Correlation between DXA and laboratory parameters in normal weight, overweight, and obese patients

Maria Pilar Aparisi Gómez, Federico Ponti, Daniele Mercatelli, Chiara Gasperini, Alessandro Napoli, Giuseppe Battista, Stefano Cariani, Giulio Marchesini, Alberto Bazzocchi

Research output: Contribution to journalArticlepeer-review


OBJECTIVE: The aim of this study was to review the existence and types of correlations between body composition densitometric parameters and laboratory values associated to cardiometabolic risk.

METHODS: We retrospectively analyzed data from 316 individuals in the weight range from normality to super-obesity, submitted to total body dual-energy x-ray absorptiometry (DXA) scans and routine biochemistry at S.Orsola-Malpighi Hospital from June 2010 to March 2014. The study included 182 women, 45.8 ± 13.4 y of age, with a body mass index (BMI) of 31.5 (± 11) kg/m2 (group F) and 134 men, 45.4 ± 13.6 y of age, with a BMI of 27.6 (± 7.8) kg/m2 (group M). All patients underwent whole-body scan (Lunar iDXA, GE Healthcare, Madison, WI, USA) and laboratory analysis (blood fasting glucose, total cholesterol, high-density lipoprotein cholesterol, tricylglycerides [TGs], aspartate aminotransferase, and alanine aminotransferase). Correlation between laboratory values and total body and regional fat mass (including visceral adipose tissue [VAT] and subcutaneous adipose tissue in the android region), and lean mass parameters were analyzed with linear and stepwise regressions analysis (significance limit, P < 0.05). Receiver operating characteristic curves were performed to assess the accuracy of the best-fit DXA parameter (VAT) to identify at least one laboratory risk factor.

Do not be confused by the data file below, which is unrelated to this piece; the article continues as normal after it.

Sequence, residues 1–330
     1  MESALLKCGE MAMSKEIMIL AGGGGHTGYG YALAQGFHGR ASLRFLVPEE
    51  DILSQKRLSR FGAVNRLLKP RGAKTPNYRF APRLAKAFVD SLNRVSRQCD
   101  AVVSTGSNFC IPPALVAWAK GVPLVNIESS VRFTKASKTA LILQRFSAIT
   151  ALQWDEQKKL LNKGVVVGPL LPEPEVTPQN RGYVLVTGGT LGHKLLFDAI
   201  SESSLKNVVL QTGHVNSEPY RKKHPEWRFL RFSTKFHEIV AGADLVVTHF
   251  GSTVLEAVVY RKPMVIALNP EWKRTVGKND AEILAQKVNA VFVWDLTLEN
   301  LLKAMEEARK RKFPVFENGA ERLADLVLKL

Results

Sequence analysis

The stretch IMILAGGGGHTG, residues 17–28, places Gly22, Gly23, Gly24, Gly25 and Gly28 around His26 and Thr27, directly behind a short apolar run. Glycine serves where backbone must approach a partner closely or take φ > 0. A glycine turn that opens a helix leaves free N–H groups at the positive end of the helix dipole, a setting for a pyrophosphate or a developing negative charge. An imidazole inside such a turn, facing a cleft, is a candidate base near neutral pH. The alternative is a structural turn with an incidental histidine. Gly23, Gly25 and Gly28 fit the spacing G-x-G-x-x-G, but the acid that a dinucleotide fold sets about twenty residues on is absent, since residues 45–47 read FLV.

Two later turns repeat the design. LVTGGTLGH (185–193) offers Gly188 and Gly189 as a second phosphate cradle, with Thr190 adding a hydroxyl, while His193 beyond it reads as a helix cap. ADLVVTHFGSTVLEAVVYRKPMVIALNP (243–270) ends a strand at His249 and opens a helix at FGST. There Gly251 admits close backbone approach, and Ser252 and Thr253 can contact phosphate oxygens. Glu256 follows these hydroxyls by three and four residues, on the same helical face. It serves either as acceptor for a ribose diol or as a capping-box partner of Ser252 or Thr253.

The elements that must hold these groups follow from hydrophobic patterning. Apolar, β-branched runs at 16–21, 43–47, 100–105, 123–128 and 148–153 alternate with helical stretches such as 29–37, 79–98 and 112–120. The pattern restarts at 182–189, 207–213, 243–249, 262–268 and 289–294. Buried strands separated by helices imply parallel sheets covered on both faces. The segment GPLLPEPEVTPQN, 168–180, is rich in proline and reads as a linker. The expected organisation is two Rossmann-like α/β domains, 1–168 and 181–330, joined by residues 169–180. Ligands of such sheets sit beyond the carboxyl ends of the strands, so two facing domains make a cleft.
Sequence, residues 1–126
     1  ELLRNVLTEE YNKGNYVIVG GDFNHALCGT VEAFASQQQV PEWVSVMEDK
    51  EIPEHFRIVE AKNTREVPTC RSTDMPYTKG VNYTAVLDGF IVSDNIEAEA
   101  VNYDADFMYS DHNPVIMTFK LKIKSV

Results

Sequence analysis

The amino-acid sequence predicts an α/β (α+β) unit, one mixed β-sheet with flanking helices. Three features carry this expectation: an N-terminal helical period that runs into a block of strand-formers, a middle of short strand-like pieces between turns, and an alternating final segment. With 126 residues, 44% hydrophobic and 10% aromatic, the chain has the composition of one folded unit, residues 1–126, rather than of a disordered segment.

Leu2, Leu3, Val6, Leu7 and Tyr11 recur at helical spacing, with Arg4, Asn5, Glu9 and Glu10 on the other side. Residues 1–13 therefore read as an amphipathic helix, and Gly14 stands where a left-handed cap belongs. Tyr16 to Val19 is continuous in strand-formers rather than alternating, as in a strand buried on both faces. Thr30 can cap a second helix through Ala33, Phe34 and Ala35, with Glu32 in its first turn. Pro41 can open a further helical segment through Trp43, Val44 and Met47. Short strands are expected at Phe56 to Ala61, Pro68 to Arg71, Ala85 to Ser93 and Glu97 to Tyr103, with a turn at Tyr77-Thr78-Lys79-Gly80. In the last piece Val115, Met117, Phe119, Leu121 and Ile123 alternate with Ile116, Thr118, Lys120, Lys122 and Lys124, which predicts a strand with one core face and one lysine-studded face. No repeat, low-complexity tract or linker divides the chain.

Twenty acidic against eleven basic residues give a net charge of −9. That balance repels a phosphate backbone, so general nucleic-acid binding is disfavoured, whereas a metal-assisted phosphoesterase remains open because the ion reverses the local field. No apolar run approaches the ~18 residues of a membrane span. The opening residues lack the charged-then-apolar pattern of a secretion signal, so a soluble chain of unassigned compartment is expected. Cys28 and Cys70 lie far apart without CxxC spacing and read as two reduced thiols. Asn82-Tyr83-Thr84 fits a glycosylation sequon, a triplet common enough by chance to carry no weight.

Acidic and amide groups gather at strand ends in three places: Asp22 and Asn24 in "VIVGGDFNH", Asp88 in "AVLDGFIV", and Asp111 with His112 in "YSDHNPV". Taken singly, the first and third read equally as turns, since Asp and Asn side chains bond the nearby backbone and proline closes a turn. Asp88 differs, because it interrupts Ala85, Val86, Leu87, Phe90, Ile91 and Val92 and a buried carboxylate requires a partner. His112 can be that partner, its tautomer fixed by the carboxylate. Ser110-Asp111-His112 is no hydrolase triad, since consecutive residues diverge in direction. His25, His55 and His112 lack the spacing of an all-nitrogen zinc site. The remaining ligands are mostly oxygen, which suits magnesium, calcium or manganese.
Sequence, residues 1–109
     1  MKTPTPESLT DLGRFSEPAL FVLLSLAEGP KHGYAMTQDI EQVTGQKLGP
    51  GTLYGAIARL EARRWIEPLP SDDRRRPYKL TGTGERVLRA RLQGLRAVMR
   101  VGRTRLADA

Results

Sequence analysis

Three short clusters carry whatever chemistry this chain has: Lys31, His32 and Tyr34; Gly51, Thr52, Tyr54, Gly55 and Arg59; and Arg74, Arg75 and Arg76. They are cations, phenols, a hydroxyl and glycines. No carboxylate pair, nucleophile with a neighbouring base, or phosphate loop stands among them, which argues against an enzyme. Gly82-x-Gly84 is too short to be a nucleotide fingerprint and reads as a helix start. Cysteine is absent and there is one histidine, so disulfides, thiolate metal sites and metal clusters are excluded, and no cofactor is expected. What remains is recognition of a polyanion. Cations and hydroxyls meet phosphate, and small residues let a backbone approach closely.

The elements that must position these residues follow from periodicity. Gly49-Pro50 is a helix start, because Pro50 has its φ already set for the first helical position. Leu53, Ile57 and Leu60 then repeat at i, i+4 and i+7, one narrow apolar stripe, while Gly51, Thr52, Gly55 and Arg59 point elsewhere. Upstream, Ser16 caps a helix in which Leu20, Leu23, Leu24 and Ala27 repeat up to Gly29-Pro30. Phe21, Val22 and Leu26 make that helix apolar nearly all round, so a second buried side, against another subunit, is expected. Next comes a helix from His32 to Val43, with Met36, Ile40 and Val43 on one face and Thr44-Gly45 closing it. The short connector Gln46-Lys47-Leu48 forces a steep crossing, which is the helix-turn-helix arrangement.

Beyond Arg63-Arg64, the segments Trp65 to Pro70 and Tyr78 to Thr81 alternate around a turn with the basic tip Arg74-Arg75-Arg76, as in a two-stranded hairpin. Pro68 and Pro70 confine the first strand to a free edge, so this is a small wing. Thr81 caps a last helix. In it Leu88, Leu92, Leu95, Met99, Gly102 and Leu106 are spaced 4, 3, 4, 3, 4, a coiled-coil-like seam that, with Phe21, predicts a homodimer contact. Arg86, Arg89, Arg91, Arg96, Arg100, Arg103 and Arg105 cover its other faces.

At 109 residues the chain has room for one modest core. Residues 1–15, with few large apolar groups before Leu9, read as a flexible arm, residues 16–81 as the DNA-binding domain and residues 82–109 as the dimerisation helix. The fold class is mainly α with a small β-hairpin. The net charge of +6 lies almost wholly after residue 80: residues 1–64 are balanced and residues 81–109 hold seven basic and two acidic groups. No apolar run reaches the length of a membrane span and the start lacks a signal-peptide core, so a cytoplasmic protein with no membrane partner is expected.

RESULTS: In both groups, BMI and densitometric parameters showed a linear correlation with fasting blood glucose and TG levels and an inverse correlation with high-density lipoprotein cholesterol (P < 0.05), whereas no correlation was observed with total cholesterol levels. The only densitometric parameter retained in the final model of stepwise multiple regression was VAT for fasting blood glucose (group F: β = 0.4627, P < 0.0001; group M: β = 0.6221, P < 0.0001) and TG levels (group F: β = 0.4931, P < 0.0001; group M: β = 0.1990, P < 0.0261) independently of BMI. The optimal cutoff points of VAT to identify the presence of at least one laboratory risk factor were >1395 g and >1479 cm3 for men and >1281 g and >1357 cm3 for women.

CONCLUSIONS: DXA analysis of VAT is associated with selected laboratory parameters used for the evaluation of cardiometabolic risk and could be per se a helpful parameter in the assessment of clinical risk.

Original languageEnglish
Pages (from-to)143-150
Number of pages8
Publication statusE-pub ahead of print - Oct 24 2018


  • Absorptiometry
  • Photon
  • Body composition
  • Cardiometabolic risk
  • Obesity
  • Visceral fat


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